Moving on from the Old Gate, we come to the Valley Gate, which is located at the “pinch point” of the Old City walls, with the Water Gate being directly opposite it.
Once we have learned that Jesus Christ is the Good Shepherd (Sheep Gate) and the Saviour of the world to whom all of humanity must give an account, we are told his followers bear witness to him (Fish Gate). Yet still we have much to learn of Christ, and the teachings of the Church over 2000 years, so we must also pass through the Old Gate, to learn what it means to be clothed with Christ in the ancient wisdom of the ways of God, that we find in Scripture and Church History.
And now we come to the Gate that I’m sure we all have bitter experience of: The Valley Gate. The Gate opens out into the lowest point of Jerusalem: The Hinnom Valley, where wicked and idolatrous practices of child sacrifice (2 Kings, Isaiah & Jeremiah) and burning of human and city waste took place. Jesus referred to this valley several times such as Mark 9:42-50 where “...their worm does not die and the fire is not quenched” (a line Jesus directly quotes from the very last verse of Isaiah. This is where the idea of the word Gehenna (from Hinnom) is often translated as “hell” – a place where the unrepentant wicked are punished.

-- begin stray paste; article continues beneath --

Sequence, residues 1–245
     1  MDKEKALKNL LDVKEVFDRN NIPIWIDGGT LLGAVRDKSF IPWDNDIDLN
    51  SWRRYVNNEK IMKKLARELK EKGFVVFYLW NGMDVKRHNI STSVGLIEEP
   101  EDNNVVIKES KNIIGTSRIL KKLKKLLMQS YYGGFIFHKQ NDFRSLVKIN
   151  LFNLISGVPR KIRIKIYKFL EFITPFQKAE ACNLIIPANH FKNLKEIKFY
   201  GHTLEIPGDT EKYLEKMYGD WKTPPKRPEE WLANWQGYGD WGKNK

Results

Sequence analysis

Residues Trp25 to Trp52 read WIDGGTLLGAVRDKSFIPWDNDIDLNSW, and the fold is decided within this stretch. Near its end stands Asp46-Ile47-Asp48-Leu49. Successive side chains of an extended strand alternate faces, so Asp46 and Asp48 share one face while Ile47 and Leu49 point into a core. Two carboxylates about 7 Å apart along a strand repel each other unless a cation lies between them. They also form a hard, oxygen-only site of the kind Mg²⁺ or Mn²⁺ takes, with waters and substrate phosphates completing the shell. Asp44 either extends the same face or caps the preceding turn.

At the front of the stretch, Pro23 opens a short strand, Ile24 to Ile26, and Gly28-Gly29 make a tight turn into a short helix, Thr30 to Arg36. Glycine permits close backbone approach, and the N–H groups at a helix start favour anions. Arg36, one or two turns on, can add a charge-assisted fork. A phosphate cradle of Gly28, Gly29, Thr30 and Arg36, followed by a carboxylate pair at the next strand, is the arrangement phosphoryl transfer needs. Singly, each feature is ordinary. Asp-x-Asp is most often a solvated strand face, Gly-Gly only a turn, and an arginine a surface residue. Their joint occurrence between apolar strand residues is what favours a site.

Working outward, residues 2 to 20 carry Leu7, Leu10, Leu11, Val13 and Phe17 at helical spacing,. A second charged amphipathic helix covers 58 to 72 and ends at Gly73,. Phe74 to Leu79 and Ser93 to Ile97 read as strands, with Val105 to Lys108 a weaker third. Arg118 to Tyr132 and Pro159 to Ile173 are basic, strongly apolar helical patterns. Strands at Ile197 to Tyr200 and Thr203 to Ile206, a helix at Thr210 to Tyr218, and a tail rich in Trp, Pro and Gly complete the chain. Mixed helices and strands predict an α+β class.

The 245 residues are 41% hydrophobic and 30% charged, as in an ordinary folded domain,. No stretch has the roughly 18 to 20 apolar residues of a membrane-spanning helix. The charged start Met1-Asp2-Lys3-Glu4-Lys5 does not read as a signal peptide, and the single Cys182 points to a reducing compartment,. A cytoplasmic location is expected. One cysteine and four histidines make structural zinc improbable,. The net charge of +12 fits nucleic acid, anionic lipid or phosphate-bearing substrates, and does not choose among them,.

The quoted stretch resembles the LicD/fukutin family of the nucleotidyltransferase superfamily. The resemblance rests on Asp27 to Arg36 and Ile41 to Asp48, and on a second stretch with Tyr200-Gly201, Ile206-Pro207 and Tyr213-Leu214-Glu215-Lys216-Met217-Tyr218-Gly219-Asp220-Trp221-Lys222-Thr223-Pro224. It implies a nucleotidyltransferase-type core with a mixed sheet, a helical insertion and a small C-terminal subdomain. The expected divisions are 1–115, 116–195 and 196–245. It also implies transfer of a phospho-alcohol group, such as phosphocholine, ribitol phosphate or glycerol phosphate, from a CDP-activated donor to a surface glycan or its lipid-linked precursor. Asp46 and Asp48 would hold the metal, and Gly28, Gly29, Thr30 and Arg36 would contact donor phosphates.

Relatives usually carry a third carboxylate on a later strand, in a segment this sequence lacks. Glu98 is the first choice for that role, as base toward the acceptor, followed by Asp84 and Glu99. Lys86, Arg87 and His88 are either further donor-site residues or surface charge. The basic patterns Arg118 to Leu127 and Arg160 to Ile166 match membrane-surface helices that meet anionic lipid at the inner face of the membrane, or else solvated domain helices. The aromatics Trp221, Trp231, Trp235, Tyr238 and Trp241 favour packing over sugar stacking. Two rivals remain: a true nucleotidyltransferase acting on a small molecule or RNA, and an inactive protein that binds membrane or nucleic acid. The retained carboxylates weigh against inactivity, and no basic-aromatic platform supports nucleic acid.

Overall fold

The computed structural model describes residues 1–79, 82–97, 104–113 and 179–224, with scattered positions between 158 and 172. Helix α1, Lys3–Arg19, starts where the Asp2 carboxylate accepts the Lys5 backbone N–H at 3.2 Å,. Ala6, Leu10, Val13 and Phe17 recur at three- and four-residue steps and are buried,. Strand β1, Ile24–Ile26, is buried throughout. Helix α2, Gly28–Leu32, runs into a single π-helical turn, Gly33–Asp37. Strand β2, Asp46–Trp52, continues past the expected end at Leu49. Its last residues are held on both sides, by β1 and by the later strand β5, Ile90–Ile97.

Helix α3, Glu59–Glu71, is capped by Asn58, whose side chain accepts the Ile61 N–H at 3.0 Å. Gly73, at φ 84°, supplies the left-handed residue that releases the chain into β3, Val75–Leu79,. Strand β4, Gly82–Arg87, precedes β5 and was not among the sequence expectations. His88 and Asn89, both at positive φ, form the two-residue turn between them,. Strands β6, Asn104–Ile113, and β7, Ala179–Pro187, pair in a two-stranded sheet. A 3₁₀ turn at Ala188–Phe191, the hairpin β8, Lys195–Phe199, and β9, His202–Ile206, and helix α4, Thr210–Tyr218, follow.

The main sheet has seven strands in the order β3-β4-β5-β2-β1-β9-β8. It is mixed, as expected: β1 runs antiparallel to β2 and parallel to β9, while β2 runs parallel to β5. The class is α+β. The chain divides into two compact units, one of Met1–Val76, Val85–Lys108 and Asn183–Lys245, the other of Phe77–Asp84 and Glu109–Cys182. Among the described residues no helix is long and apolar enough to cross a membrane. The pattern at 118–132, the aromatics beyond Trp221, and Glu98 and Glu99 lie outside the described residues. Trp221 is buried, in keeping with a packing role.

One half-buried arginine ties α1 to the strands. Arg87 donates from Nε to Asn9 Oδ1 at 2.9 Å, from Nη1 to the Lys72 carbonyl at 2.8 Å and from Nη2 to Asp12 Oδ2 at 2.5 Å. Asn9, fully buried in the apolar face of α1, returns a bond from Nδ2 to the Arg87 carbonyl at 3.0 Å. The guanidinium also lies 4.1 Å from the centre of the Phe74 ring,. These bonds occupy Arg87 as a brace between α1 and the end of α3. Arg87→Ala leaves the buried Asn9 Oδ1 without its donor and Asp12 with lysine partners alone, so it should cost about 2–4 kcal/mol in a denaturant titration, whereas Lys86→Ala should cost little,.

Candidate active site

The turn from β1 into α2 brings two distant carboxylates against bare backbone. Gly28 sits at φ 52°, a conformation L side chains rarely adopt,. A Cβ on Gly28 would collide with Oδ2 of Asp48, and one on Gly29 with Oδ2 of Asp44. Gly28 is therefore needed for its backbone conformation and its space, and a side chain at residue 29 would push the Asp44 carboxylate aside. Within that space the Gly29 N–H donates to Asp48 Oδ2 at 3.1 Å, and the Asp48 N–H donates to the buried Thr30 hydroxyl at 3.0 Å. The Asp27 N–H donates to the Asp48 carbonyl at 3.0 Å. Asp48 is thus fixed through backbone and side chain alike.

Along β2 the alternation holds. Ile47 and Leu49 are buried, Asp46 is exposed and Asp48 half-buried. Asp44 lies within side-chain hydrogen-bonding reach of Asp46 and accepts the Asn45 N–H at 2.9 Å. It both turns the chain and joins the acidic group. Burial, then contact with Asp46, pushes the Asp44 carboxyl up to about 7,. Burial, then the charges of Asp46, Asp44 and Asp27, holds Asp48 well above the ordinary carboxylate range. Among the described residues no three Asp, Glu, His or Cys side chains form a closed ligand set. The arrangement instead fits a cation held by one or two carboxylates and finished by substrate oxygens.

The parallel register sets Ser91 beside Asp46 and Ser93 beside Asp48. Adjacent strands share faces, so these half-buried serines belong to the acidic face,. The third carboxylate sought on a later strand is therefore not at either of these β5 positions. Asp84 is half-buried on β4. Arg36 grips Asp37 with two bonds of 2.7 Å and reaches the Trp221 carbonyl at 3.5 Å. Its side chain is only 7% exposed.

Spiritually, the Christian testimony over the course of Church History is quite clear: Men and women who follow Christ are taken deeper into the nature and character of God by trials and tribulations. By experiencing what has been called ‘The Dark Night of the Soul’. This is the vivid experience of the absence of God in your life. When Jesus hung on the Cross, he cried out, “My God, my God, why have you forsaken me?” (Mat. 27:46), and yet, Scripture tells us, “God was in Christ reconciling the world to Himself” (2 Cor. 5:19). It seems that when God is most hidden, He is most active to save and redeem.
Famously, Psalm 23 captures the idea of the Valley: “Though I walk through the valley of the shadow of death, I will fear no evil…” so we see the Valley in a Christian’s life is both the experience of God’s seeming absence, and the necessary facing up to our fears as we journey with Christ in this life. The Valley Gate reminds us of our frail humanity, our need for God and dependence upon Him. The Valley strips us of our pretensions and pride, and leads us though repentance and forgiveness into the deep things of God.It is the place God trains us that even when certain things seem to be so, or that our feelings are telling us this or that, we can be sure that God is training us to rely, trust and follow Him even when everything in this world and our hearts would tell us otherwise: In other words, it is a discipleship into the ultimate truth: Christ Alone.